Publishers in this country may not be satisfied with a circulation of 50,000 copies, but in Germany a first edition of that number means unheard of popularity.
During the years 1922 and 1923 one edition of "Tom Sawyer" and "Huck Finn" followed the other, until today Mark Twain is the pet author of all German youth. About 250,000 copies now are circulating, and there is scarcely a boy or a girl to whom the two American lads are not their best playmates.
The children's enthusiasm awoke the interest of the adults. The popularity "Tom Sawyer" and "Huck Finn" had achieved was reflected in the popularity of other works of Mark Twain. At intervals of about six months Ullstein's published my translations of "A Tramp Abroad," "Roughing It," and finally "Selections of Mark Twain's Sketches," "Punch, Brother, Punch," as well as "The Speech on Babies" were literary hits, and copies of these three books also are in the hands of about a quarter of a million of German readers. The year 1923 was a "Mark Twain year" in Germany, just as the year 1924 may see a recrudescence of his glory all over this country.
The books were printed on the cheapest of paper and bound into cheapest cardboard, a kind of manufacturing this country would scarcely appreciate, but people over there could buy a copy for 50 cents. During the years after the German revolution books were the only presents which people of the former wealthy middle classes could give each other. St. Nicholas was a bookseller's clerk, and boys and girls learned to enjoy his gifts just as we had once enjoyed the most expensive playthings.
When Quakers came to Germany and started their relief work, when American mercy saved millions and millions of German children from starving, many hundreds of thousands of that youth wondered from what sort of paradise beyond the sea those angels came with their load of manna. Once the country of Indian fights, America now changed into the promised land.
What Quakers have done and continue to do for the bodily health of the new German generation will not be forgotten. On the other hand, that same generation had been starving spiritually, thirsty for a smile and hungry for another sort of food which only a poet's hand might offer. Again it was an American who helped them out of darkness by richness of his beaming imagination. Mark Twain's relieving laughter made them smile again, just as the sun did with Tom Sawyer and Becky when after days in the cave Tom "glimpsed a far-off speck that looked like daylight." Mark Twain's works produced a gladness all over Germany by the sunshine of his humor.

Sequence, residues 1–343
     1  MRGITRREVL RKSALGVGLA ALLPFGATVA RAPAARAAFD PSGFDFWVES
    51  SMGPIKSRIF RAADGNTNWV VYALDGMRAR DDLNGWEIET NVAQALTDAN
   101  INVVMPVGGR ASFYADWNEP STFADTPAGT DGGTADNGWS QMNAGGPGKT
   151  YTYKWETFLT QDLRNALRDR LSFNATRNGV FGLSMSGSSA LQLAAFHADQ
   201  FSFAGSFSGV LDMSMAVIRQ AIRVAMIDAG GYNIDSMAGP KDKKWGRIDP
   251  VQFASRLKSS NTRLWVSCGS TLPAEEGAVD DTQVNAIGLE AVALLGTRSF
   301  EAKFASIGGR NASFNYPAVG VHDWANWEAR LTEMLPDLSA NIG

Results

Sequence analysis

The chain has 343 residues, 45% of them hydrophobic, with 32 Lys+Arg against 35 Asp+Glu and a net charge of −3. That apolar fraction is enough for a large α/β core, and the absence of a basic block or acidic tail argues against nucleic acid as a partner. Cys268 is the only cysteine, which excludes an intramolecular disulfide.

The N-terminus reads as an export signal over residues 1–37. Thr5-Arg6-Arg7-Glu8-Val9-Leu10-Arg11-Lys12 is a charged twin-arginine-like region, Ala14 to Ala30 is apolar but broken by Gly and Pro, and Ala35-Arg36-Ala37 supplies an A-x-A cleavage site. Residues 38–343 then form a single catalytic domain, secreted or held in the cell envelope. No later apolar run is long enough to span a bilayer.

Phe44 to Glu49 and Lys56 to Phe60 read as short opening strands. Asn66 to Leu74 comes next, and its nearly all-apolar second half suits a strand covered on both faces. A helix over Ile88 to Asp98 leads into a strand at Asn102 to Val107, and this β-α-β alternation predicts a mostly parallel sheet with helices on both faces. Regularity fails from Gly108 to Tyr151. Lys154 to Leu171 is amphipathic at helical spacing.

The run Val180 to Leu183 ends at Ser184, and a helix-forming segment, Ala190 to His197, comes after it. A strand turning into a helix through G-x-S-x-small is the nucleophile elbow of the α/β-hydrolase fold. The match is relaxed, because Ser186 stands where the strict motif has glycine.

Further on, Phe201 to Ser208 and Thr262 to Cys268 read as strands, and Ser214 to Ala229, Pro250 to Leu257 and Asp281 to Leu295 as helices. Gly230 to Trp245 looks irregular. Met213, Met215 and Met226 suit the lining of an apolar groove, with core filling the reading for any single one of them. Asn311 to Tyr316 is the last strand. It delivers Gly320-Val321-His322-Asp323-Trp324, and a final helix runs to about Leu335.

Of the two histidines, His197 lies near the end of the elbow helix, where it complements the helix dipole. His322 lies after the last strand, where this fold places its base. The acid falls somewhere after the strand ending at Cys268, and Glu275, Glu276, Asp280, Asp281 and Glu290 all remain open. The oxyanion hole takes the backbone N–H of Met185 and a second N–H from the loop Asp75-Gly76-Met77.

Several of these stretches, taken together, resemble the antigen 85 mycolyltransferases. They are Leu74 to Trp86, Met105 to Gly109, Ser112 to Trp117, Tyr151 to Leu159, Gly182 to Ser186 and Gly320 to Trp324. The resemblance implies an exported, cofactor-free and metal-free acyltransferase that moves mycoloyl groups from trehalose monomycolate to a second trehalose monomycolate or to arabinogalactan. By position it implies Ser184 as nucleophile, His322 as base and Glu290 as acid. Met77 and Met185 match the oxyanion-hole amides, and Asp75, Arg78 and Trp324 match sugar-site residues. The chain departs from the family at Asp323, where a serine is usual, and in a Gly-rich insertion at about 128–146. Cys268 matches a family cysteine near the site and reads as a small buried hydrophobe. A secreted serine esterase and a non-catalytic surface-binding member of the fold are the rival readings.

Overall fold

German boys and girls recognized very soon that Tom Sawyer and Huckleberry Finn as well as Becky Thatcher were the children of a new world. the way they played and talked, the way their parents and their teachers treated them, the independence and self-control on the one hand, and on the other the true democratic equality were bound to make a mighty impression on the first generation of the new German Republic. For that reason Mark Twain may be considered as "praeceptor Germaniae."
Mark Twain reopened the fountain of humor, which had almost dried up in Germany. but his humor is far from being witticism. He followed the lesson of Shakespeare. To be a humorist was not to be a joker, but to be a philosopher smiling at the world around him and laughing with it. Mark Twain saw most of this earth, and no region of the human heart was unknown to him. All pain and all joy, all heights and all depths, he had experienced, but he remembered always the eternal sun shining behind the clouds. Sometimes he split the mist, coldly and mercilessly, but he did it by love. The true humorist sees the world as it is, but his wisdom is one of exaggeration. Mark Twain has often been blamed for his exaggerations. As well blame a microscope for exaggerating and unfolding realities never seen before. The eyes of Mark Twain have been such a microscope; and all the variety of human nature he saw and visualized to an admiring world is truth.
Mark Twain's truth belongs to all nations. His Tom Sawyer is as international as Shakespeare's Falstaff or Cervantes's Don Quixote. The old Germany may have shrunk from Mark Twain's magic mirror; the new Germany is laughing before it.
Return to The New York Times
Quotations | Newspaper Articles | Special Features | Links | Search